How Nestle lies, cheats and deceives
What is Nestle's role in this problem? According to INFACT Canada, Nestle controls 40% of the worldwide market for baby food and is active in 80 countries. It is the biggest player in this market. Other companies are unethical too, but the size and reach of Nestle makes its violations of the Code especially problematic and especially risky for moms and babies. Nestle has been characterized by experts in the field as the worst of the baby food companies in terms of its breaches of international standards.
Some illustrations of Nestle's unethical practices include:
- Nestle has an Infant Formula Marketing Policy that it says complies with the International Code of Marketing of Breast Milk Substitutes, but its scope is much narrower, covering only infant formula (instead of all breast milk substitutes) and covering only developing countries (instead of all countries). Read more here and check out a detailed chart comparing the two here.
- Nestle invests in public relations initiatives to divert criticism, instead of making changes to bring its practices in line. Read more.
- Monitoring of the baby food industry by NGOs has found many areas where Nestle's advertising and promotion practices violate the Code. Look here for 13 pages of illustrated and annotated examples of violations.
- Nestle systematically violates its own policies as brought to light by a senior Nestle employee in Pakistan who resigned and then wrote a scathing, detailed and well-documented whistleblower report on all of the violations that were both allowed, encouraged and ordered by his superiors. He is pursuing legal action against the company. His family has been threatened.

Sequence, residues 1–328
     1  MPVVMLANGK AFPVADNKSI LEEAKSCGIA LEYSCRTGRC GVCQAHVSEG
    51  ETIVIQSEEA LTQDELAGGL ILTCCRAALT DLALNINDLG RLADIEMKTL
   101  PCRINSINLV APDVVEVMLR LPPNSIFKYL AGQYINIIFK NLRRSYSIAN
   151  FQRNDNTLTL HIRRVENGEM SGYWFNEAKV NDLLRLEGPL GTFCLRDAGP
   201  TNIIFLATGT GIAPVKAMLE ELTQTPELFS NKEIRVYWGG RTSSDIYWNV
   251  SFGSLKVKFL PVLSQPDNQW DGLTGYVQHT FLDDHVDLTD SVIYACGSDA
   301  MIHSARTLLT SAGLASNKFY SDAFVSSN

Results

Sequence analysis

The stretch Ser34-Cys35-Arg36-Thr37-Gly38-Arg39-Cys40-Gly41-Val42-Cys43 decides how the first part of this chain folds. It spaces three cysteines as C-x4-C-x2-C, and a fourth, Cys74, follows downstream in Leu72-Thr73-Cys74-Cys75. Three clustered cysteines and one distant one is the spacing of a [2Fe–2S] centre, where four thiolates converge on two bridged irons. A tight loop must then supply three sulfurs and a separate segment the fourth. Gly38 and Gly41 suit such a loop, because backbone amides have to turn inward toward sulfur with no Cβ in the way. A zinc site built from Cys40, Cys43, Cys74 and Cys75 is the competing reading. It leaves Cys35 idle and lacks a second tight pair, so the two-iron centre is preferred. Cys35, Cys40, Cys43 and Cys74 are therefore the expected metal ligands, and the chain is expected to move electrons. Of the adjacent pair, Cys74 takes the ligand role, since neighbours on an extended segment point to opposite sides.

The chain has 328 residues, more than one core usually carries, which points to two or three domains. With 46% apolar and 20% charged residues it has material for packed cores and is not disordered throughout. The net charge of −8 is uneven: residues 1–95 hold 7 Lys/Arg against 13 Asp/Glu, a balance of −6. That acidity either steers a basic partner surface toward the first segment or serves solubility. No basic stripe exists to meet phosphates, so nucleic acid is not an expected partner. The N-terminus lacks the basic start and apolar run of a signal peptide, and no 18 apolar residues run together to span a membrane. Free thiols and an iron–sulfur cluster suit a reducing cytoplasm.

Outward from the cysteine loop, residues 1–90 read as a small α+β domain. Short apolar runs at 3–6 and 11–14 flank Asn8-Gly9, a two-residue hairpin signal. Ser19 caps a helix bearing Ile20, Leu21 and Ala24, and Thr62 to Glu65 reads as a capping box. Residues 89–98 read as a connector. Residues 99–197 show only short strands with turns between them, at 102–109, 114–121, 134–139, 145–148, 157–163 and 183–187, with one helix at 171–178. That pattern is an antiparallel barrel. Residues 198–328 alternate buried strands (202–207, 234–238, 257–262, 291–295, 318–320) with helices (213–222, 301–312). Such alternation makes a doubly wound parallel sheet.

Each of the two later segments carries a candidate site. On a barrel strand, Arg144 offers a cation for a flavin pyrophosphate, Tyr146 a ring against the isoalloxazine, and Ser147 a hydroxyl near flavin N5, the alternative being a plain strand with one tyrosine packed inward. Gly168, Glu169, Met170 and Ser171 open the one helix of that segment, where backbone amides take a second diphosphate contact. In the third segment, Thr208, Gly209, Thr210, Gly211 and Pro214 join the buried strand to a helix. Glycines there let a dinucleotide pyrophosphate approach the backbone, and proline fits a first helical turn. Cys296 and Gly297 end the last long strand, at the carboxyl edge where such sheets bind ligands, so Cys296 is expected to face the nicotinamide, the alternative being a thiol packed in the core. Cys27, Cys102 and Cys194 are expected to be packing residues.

It is important to note that Nestle will try to tell you that all of this is in the past. That has been their approach all along. According to Baby Milk Action's report on Nestle's PR machine, "Nestle's strategy is to admit to malpractice only years in the past, even though it denied it at the time".
Beyond the marketing issue, there are other business practices related to its infant formula that have come into question. For example, apparently Nestle is purchasing 1 million litres of milk per year from Grace Mugabe, the wife of the President Robert Mugabe, despite sanctions due to human rights violations by his government and despite the fact that these farms were seized from farmers by Grace Mugabe. As per its usual practice, Nestle came up with some weak excuses for why this was not a problem.